"The tools that you use are as important as the problems we are trying to solve. And if you use the wrong conceptual apparatus for making sense of problems like racism, like decoloniality, then, of course, I think you will be less effective than if you, for example, use critical race theory."

Revolution à la Zimbabwe

Helena Rudolph Menings 2017-11-22

"Whereas mother nature caused the failing French wheat harvests, father Mugabe was responsible for the shortage in Zim through chasing away those who produced the wheat."

The volksmoeder, ordentlikheid and whiteness

Menán van Heerden Opinion 2017-11-09

On 6 November, the launch of Sitting Pretty: White Afrikaans Women in Postapartheid South Africa took place in Cape Town. Christi van der Westhuizen, author of Sitting Pretty, was in conversation with Adam Haupt. Read a broad overview of the main discussion points and also listen to the entire discussion.

Durban first city on the African continent to become a Unesco World City of Literature

Darryl David, Naomi Meyer Boeke en skrywers 2017-11-01

"This is big. In a sense it means that Durban becomes the literary capital of Africa, the literary gateway to Africa. Everything that the city plans from now, literature must be at its heart."

Aardklop 2017: A Kwaitopedia of Afrikaans terms and phrases

Menán van Heerden, Vuyiswa Xekatwane, Masello Motana, Kgomotso Neto Tleane Opinion 2017-10-19

"Using Kwaito as an entry point, Nou Die Las is an exercise in recollecting, defining and reclaiming Afrikaans and associated dialects, such as Tsotsitaal, as part and parcel of township culture."

Ryk Hattingh: A tribute to my friend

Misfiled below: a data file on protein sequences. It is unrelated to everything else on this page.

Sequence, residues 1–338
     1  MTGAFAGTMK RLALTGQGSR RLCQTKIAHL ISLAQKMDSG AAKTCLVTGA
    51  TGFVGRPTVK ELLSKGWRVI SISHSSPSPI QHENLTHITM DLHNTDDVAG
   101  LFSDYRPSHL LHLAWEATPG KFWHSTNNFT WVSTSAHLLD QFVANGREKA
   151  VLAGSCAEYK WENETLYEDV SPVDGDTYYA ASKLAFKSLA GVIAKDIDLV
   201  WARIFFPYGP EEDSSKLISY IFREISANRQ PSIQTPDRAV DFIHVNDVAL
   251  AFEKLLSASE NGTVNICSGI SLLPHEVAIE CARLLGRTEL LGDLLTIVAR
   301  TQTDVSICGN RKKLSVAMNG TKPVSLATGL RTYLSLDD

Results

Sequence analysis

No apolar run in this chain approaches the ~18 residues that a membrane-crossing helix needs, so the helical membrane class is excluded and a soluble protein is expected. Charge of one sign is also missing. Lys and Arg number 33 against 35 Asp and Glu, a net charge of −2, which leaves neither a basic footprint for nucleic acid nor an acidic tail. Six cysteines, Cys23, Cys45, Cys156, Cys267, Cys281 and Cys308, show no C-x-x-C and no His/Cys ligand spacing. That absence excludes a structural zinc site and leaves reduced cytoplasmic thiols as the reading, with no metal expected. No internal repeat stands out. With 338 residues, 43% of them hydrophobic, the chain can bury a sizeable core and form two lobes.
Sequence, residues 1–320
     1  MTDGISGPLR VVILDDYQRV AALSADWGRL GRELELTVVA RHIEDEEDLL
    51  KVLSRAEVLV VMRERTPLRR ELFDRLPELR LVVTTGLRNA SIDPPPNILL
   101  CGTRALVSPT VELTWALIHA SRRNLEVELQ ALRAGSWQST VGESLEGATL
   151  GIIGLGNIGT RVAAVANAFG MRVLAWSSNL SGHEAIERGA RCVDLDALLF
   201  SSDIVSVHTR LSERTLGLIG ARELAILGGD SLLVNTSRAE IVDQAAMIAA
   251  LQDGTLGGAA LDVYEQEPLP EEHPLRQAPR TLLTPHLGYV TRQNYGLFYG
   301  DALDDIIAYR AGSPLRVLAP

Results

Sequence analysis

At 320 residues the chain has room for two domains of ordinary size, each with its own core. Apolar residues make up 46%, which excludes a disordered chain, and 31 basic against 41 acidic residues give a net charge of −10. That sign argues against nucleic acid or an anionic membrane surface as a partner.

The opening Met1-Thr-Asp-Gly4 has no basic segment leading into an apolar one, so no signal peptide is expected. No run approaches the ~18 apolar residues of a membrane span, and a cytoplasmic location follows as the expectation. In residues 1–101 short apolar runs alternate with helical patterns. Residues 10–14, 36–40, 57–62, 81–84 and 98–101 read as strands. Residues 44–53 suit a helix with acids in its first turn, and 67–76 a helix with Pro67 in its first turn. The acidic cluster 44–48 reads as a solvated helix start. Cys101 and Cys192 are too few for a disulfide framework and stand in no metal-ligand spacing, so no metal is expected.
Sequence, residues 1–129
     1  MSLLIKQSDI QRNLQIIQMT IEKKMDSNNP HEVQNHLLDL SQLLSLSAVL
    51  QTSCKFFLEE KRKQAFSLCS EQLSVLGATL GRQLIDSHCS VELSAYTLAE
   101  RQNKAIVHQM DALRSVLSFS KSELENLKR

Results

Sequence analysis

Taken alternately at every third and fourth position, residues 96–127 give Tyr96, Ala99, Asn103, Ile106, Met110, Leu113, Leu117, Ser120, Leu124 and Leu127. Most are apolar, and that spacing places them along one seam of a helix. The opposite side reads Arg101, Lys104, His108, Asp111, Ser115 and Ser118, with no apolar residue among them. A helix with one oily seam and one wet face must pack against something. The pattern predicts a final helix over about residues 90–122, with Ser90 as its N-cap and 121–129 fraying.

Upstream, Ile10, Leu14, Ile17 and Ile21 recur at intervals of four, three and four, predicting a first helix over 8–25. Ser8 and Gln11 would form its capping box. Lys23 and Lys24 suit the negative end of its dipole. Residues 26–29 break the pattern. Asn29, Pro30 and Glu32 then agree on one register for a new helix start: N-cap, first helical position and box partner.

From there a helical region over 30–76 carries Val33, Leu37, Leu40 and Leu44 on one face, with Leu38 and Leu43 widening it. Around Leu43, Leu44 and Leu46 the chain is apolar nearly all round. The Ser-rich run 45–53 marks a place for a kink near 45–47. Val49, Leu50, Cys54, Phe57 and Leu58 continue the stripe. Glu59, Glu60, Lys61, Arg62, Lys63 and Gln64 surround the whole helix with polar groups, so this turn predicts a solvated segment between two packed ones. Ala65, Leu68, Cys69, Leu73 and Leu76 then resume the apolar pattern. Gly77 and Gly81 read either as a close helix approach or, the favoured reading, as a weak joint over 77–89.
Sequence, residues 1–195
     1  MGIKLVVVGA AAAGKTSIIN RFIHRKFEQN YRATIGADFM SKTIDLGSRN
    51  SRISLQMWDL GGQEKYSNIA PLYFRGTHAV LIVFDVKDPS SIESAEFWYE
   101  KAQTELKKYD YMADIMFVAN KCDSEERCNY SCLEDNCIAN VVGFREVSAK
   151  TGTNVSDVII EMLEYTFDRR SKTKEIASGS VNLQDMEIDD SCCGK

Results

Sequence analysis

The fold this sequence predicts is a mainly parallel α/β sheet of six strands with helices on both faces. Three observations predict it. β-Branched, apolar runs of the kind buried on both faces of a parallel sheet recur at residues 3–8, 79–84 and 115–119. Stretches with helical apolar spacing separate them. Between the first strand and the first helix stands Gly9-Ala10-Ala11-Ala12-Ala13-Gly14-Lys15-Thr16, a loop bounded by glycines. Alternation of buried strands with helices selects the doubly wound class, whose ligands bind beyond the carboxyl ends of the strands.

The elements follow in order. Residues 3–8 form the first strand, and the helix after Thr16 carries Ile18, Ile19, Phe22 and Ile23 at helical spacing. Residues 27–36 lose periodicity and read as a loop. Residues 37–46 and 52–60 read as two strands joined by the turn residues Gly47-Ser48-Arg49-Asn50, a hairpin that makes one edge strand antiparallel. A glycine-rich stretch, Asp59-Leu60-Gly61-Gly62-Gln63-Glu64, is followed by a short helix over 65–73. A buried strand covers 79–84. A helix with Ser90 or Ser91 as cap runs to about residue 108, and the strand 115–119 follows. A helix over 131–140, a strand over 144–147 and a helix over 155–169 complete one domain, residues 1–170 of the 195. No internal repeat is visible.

Neil Sonnekus In memoriam 2017-10-12

"Ryk Hattingh was fearless and melancholy and caring and mad and good and contrary and generous, and had more originality in his little finger than most people have in a lifetime."

Afrikaans: the language of dissent

Menán van Heerden Seminare en essays 2017-10-11

"The language also bears the imprint of a fierce tradition of anti-imperialism, anti-colonialism, of an all-embracing humanism and anti-apartheid activism."

ARTiculate Africa 2017: On bended knee, we fight back

Fred Khumalo Opinion 2017-10-11

"My pen is my machine gun. My words are my bullets. I committed myself a long time ago that I shall use my words to fight injustice wherever it shows up."

Images of the black youth in two poems by Wally Serote and Njabulo Ndebele, viz: “My brothers in the streets” and “The revolution of the aged”

Phil Ndlela Opinion 2017-09-19

"Both Wally Serote and Njabulo Ndebele are literary aficionados who initially cut their political teeth in the Black Consciousness Movement in South Africa, whose tenets entailed self-love, self-reliance and cultural affirmation."

Langston Hughes: The people’s poet who revolutionised the African-American literary tradition

Phil Ndlela Opinion 2017-09-12

"Hughes was no ivory tower type of intellectual. He was a true cultural revolutionary who celebrated the beauty of ordinary people, whose experiences he sought to centre."

Sarah Lotz on writing, plot twists, and a BBC TV series

Sarah Lotz, Karin Schimke Books and writers 2017-09-08

"I write every day, all day. I stop at five pm for a couple of hours to walk the dogs. I don’t write down ideas for new projects. The good ones tend to stick; the others go to the great idea landfill in the sky."